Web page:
54 XENON Xe (Greek: xenos = stranger)
A colourless, odourless noble monatomic gaseous element once thought to be completely inert due to its completed-octet electron shell, but now known to form certain compounds with mostly fluorine or oxygen in a proliferation of even numbered oxidation states from zero to eight. It is present in certain mineral water springs, and in air at an abundance of 0.08 parts per million, from which it is obtained commercially by liquefaction followed by fractional distillation to separate it from other gases. Like hydrogen, xenon becomes metallic in character under extreme pressure.
The compounds of Xenon include XeF2, XeF4, XeF6, XeOF4, XeOF4, the highly explosive colourless solid XeO3, the colourless gas XeO4, (XeF7)-, (XeF8)2-, [XeF5]+[AsF6]-, XePtF6, XeRhF6, Na4XeO6·8H2O, and more recently FXeN(SO2F)2 with a xenon-nitrogen bond. Clathrate compounds, where the xenon is mechanically trapped within a cage, such as Xe8(H2O)46 have also been made. The perxenates are used in analytical chemistry as oxidizing agents.
Silent electric discharge lamps filled with xenon gas produce a beautiful blue glow, used in blue 'neon' signs. With a higher potential, xenon produces a green light. Xenon gas is used in photographic flashgun electric discharge tubes, where it produces a brilliant white, wide spectrum short duration flash. These tubes are also used to optically pump ruby lasers. Xenon is used as the gas in bubble chambers to detect sub-atomic particles, and other applications where its high molecular weight is of value. Being a heavy atom, xenon is also potentially useful as a gas for ion deep-space propulsion engines.
Natural xenon consists of a mixture of 9 stable isotopes. Xenon has the highest number of known isotopes, numbering forty now. The unstable isotope, Xe-135, has the highest known capture cross section for thermal neutrons of 2,700,000 barns; formed as a result of radioactive decay of uranium fission fragments in a nuclear reactor, where it presents a problem being the most serious reactor poison, and may delay the restart of a reactor after a period of shutdown. Xe-133 and Xe-135 are produced by neutron irradiation in air-cooled nuclear reactors. Xe-133 has useful applications as a radioisotope.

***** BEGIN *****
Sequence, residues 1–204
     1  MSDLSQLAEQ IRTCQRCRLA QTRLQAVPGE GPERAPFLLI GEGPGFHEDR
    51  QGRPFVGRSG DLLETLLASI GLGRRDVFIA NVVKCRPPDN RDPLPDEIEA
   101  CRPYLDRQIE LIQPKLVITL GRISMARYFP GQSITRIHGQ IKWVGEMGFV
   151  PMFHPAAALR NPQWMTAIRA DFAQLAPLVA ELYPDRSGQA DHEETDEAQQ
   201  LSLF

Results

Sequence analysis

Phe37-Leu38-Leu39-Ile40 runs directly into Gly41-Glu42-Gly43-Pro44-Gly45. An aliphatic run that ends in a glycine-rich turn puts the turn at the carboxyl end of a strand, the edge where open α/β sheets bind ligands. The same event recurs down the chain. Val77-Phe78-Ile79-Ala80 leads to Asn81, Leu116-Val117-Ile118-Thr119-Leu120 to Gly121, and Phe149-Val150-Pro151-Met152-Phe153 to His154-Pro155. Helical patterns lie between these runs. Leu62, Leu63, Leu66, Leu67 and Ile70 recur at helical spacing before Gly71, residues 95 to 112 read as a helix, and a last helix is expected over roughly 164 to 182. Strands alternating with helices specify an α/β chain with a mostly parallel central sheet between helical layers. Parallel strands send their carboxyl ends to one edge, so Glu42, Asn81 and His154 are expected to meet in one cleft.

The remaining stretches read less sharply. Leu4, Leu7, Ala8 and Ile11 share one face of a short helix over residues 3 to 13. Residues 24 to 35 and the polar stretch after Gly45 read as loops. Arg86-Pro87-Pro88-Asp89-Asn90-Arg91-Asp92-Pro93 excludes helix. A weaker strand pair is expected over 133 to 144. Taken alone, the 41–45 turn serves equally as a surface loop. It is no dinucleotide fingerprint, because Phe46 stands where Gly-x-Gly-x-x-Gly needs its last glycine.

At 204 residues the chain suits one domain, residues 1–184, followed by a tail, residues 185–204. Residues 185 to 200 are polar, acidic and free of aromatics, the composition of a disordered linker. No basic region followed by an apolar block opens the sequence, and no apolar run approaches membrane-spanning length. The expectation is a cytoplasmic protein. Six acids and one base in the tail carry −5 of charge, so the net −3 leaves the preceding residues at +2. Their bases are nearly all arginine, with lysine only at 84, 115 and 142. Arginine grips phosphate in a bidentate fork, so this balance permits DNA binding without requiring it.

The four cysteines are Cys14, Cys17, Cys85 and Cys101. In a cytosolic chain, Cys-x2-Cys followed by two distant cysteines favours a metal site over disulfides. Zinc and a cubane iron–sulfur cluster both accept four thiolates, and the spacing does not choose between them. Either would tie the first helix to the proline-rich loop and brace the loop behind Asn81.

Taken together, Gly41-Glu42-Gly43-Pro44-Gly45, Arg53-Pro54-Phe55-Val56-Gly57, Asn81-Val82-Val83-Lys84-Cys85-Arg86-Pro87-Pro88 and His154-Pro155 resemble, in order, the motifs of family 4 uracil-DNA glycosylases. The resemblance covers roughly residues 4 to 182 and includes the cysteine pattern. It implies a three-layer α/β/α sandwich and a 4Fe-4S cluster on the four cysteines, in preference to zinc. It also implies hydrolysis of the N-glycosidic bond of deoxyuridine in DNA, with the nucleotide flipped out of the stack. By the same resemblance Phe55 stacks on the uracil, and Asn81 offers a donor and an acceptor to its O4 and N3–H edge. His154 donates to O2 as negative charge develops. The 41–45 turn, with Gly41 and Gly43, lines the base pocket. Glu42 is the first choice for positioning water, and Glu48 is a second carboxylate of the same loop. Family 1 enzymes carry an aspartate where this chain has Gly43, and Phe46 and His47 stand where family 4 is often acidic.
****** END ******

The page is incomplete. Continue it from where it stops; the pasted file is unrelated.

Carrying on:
Based on the abundance of other inert gases in the atmosphere, there is 20 times less xenon gas in the Earths atmosphere than expected. The heavy inert gases, neon, argon, krypton and xenon have been trapped within the earth when the planet was first formed and have been leaking out into the atmosphere ever since. But the atmospheric abundance of xenon is 20 times below what it should be. I has now been discovered that, unlike the other inert gases, a xenon atom can replace a silicon atom in quartz when the two are together at pressures 100,000 times greater than atmospheric pressure and at temperatures of 2200 Celsius. Under such conditions, which can occur deep within the Earths crust and mantle the quartz soaks up all the free xenon atoms, trapping them within the 'quartz' lattice.
Xenon is not toxic, but its compounds are highly toxic due to their strong oxidizing characteristics.
Claim to fame: xenon has the greatest number of isotopes, 40 known, and also the lowest velocity of sound (170m/s) of any element.